Salvator Mundi is a painting of the most iconic figure in the world by the most important artist of all time”, Loic Gouzer, chairman of Post-War and Contemporary Art for Christie’s NY, said in a statement released by the auction house. The painting originally hung in the collection of King Charles I and depicts a beatific Jesus Christ, clad in lapis lazuli robes and holding a glassine orb, one hand extended skyward; it bears a certain compositional likeness to the Mona Lisa, and was painted around the same time.

When asked whether Salvator Mundi’s involvement in complaints filed across the world would affect its sale, or at least the optics of it, Christie’s postwar and contemporary chairman, Loic Gouzer, who secured the work, said, “We can not comment about sellers, but it has every passport, every visa”.

Big news in the art world: “Salvator Mundi“, reportedly the last Leonardo Da Vinci painting in private hands, will go on auction on November 15 in New York City.

There are only about 15 Leonardo da Vinci paintings known to be in existence, according to the Times. After the work was restored, it was authenticated as a work by the man himself-a miraculous find-and it received its formal coronation when it was unveiled to the public at the National Gallery in London in 2011.

The auction house did not identify the seller, a European private collector who acquired the work after its rediscovery in 2005 and lengthy restoration.

Early in 2017, Christie’s sold a number of modern works from Rybolovlev’s collection including the Paul Gauguin landscape Te Fare (La Maison) that fetched £20.3m including premium. Long-known to have existed, and long-sought after, it seemed just a tantalizingly unobtainable dream until now. “To see a fully finished, late masterpiece by Leonardo, made at the peak of his genius, appear for sale in 2017 is as close as I’ve come to an art world miracle“. I can hardly convey how exciting it is for those of us directly involved in its sale.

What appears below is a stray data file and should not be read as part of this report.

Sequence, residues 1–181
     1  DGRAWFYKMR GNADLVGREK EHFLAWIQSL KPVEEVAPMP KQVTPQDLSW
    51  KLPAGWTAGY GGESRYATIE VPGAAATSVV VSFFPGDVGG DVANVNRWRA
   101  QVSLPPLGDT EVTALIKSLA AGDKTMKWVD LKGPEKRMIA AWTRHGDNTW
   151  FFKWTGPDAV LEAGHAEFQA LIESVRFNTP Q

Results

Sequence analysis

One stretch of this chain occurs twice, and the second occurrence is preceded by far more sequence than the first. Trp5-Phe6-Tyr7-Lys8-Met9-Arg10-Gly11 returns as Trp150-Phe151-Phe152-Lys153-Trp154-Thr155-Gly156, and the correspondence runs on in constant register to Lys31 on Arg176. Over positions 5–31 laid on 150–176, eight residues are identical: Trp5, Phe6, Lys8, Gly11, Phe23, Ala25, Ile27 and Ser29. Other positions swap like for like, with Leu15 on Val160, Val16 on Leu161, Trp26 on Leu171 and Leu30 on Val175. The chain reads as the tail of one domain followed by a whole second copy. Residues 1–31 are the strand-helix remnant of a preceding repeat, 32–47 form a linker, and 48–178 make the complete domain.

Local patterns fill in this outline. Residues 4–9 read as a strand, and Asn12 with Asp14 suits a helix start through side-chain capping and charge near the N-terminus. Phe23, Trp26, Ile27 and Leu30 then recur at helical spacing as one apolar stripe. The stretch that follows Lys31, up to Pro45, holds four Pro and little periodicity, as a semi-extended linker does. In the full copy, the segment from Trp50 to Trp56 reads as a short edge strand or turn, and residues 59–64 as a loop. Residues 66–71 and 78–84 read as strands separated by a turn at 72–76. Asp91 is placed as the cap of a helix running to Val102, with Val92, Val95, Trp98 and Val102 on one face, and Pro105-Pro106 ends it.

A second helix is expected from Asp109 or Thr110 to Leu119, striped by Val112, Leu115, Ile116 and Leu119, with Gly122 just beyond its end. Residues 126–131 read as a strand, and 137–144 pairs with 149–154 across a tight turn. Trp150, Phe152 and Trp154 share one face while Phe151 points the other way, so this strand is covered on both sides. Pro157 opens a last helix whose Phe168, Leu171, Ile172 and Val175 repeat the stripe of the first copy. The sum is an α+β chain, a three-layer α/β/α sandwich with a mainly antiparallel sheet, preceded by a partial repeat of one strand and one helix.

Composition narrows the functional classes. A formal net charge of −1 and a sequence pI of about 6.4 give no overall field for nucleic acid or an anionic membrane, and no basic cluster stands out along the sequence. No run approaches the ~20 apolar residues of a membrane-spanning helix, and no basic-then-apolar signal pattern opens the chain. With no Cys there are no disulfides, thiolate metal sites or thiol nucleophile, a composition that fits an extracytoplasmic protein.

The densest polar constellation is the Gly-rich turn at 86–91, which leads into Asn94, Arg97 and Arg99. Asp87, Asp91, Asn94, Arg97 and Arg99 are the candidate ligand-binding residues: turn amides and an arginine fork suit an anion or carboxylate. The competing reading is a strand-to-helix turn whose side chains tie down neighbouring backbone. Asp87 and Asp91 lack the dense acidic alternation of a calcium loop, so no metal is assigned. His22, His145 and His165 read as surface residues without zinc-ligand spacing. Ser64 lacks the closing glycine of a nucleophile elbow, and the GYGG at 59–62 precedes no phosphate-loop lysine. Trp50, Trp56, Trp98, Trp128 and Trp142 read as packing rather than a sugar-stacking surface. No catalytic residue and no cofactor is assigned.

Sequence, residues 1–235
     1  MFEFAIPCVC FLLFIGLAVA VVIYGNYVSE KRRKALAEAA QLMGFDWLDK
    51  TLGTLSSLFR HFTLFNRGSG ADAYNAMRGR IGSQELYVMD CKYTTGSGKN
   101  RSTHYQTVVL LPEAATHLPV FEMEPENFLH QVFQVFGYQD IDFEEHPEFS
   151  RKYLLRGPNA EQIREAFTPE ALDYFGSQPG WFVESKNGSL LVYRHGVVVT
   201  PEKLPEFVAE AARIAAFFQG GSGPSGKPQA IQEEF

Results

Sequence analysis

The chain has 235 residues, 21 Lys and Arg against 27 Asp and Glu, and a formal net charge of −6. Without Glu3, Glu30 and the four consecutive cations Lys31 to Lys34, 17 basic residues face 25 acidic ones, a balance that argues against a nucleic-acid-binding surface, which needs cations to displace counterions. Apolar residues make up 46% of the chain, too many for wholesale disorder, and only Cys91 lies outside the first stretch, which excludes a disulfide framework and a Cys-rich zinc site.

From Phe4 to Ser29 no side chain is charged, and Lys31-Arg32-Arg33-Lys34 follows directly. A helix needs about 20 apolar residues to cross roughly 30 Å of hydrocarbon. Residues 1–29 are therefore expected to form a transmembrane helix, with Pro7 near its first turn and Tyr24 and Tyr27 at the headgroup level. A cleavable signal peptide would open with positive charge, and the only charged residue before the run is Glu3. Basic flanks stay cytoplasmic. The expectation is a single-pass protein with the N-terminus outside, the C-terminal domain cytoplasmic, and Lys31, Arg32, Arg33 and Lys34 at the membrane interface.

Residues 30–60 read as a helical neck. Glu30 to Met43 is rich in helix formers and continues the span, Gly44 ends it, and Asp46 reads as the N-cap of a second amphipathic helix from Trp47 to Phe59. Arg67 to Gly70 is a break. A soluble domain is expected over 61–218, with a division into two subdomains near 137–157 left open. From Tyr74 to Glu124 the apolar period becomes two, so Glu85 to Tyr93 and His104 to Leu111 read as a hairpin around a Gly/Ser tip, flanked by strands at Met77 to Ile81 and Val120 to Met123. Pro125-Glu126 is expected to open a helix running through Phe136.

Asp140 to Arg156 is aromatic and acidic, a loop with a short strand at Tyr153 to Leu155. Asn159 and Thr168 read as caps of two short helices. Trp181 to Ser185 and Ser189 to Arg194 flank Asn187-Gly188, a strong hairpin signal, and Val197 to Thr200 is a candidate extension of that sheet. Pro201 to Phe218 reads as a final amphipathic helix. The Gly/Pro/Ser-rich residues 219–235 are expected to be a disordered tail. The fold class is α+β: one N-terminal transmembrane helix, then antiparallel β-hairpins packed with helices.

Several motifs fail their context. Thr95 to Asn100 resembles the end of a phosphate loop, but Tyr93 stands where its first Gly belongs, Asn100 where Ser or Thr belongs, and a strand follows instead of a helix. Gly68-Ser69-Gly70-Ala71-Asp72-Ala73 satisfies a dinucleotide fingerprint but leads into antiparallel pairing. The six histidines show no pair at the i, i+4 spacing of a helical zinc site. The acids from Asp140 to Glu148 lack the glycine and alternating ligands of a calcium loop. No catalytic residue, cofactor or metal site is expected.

Francois de Poortere, Head of Old Master Paintings, added: “It is an honor to be entrusted with the sale of this mystical masterpiece”.

Salvator Mundi (Saviour of the World) was, and is, enormously significant because of its rarity.

Salvator Mundi” will be sold at Christie’s in NY at its November 15 sale of post-war and contemporary art following public exhibitions in Hong Kong, London and San Francisco.

In addition to what many call the “male Mona Lisa“, the auction will include a stunning Andy Warhol work – the 32-foot Sixty Last Suppers. Christie’s is a name and place that speaks of extraordinary art, unparalleled service and expertise, as well as global glamour. Bids are expected to top $100 million.

Although the Leonardo would typically be placed among old masters, Christie’s said it belonged in a contemporary sale.